Four years ago, TLC's imported British TV show, Changing Rooms, landed on our shores amid mild applause from the American public. With this to build on, TLC thought its American version of the show, Trading Spaces, would do well too. However, TLC had no idea that Trading Spaces would become a ratings and cultural phenomenon. "It was a proven format with the BBC. When we saw the success [of Changing Rooms], we began Trading Spaces. Nothing was a big surprise, but I think the extent of where it's gone is a nice surprise," says Amy Baker, vice president of Discovery Solutions.
Like Changing Rooms (which has appeared on the BBC for years), Trading Spaces has a simple concept. Take two neighbors, give them $1,000 each to spend at a local home improvement superstore, and tell them they've got 48 hours to transform a room in each other's homes. Add a perky host, the help of designers and carpenters, and the occasional decorating misfire, and you've got the makings of a hit.
The hourlong show is the biggest hit on TLC, a channel owned by Bethesda, Md.-based Discovery Networks. It's also a hit that defies cable/broadcast definitions. Despite being in a tough slot in prime time Ñ 8 to 10 p.m. Saturdays Ñ Trading Spaces is number two among adults 18Ð49 not only in cable but also against the networks. It also consistently takes first place in prime-time cable and broadcast TV for adults 18Ð49 and 25Ð54.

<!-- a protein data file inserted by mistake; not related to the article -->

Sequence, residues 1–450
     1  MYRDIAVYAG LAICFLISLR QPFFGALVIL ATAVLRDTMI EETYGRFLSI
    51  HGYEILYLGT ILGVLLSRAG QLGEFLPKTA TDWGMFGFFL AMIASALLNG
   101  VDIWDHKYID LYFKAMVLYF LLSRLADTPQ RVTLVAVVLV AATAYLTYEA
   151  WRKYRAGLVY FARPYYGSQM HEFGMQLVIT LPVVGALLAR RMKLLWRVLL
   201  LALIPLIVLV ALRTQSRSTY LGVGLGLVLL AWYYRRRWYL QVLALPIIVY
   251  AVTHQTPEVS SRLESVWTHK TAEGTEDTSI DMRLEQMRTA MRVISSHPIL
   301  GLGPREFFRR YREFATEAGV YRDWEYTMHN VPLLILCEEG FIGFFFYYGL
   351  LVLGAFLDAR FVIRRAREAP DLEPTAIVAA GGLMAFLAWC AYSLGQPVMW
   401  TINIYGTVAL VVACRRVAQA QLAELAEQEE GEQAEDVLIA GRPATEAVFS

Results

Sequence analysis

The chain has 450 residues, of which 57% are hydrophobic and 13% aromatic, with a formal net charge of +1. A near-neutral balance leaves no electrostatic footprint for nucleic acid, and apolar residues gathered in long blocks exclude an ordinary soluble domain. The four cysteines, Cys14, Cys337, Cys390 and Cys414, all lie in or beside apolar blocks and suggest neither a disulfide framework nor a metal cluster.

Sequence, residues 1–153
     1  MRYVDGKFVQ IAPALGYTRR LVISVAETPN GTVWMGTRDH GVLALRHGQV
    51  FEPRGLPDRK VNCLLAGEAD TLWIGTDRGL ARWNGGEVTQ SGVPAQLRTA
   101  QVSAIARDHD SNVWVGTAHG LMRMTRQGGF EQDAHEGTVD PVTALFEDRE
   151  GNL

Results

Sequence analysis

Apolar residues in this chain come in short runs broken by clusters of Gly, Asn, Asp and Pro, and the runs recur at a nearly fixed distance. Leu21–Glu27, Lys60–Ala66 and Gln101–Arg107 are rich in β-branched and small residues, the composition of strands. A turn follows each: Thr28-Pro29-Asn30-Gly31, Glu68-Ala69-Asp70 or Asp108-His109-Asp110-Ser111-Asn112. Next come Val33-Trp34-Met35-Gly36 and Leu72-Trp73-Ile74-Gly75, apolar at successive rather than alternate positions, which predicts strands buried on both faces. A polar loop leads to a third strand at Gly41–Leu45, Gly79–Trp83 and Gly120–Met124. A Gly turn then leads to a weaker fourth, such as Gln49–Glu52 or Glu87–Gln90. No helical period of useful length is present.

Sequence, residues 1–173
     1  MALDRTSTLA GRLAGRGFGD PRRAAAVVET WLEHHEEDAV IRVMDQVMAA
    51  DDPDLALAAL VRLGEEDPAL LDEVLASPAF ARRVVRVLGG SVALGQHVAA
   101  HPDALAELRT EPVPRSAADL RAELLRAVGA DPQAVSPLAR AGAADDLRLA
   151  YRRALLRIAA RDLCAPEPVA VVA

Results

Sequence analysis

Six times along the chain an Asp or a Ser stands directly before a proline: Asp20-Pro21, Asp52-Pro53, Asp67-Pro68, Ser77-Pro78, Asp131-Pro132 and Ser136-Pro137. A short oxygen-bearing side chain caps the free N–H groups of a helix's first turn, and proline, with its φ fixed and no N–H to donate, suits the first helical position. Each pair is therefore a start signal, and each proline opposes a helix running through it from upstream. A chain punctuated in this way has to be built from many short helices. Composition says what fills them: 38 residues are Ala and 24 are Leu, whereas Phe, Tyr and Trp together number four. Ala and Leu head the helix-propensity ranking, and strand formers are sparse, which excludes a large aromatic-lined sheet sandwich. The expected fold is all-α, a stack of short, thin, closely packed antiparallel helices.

For its third-season premiere last September, two episodes topped TLC's rating records and beat ABC, CBS, NBC, and Fox in prime-time averages in many key demos: Women 25Ð54, women 18Ð49, women 18Ð34, and women 18+. More than 6 million women tuned in to watch the two-hour block. It was TLC's top-rated prime-time show ever among households. The episode was also ad-supported cable's number one program on Saturday in key demographics.
Through all its airings Ñ prime-time 8 to 10 p.m. Saturdays, plus 11 a.m. to noon Saturdays, noon to 1 p.m. Sundays, and 4 to 5 p.m. weekdays Ñ more than 15.3 million people watch Trading Spaces in an average week.
"It has sort of been three years in the works. It has been evolving into something bigger and bigger every season É It seems like we haven't seen the ceiling of the program, of the audience," Baker says.
For advertisers, Baker sees Trading Spaces' value as being not only in the name but also in the opportunities it brings. For two advertisers that have been there from the beginning, Procter & Gamble's Swiffer and home improvement center Lowe's, it has offered the opportunity for what Baker calls organic product placement. Lowe's and Swiffer are woven into each program beyond the typical TV spots. Each family is required to spend their $1,000 at a Lowe's; the disposable mop Swiffer is found throughout the show, particularly in the cleanup just before the neighbors reveal their creations.
Trading Spaces doesn't just attract products in the home improvement category. General Motors is a sponsor, as are entertainment companies, packaged goods, financial services, and others.
"This particular program has just about every category wanting to be a part of it," says Baker. "It is clearly our highest-rated program, so right now it has the highest demand.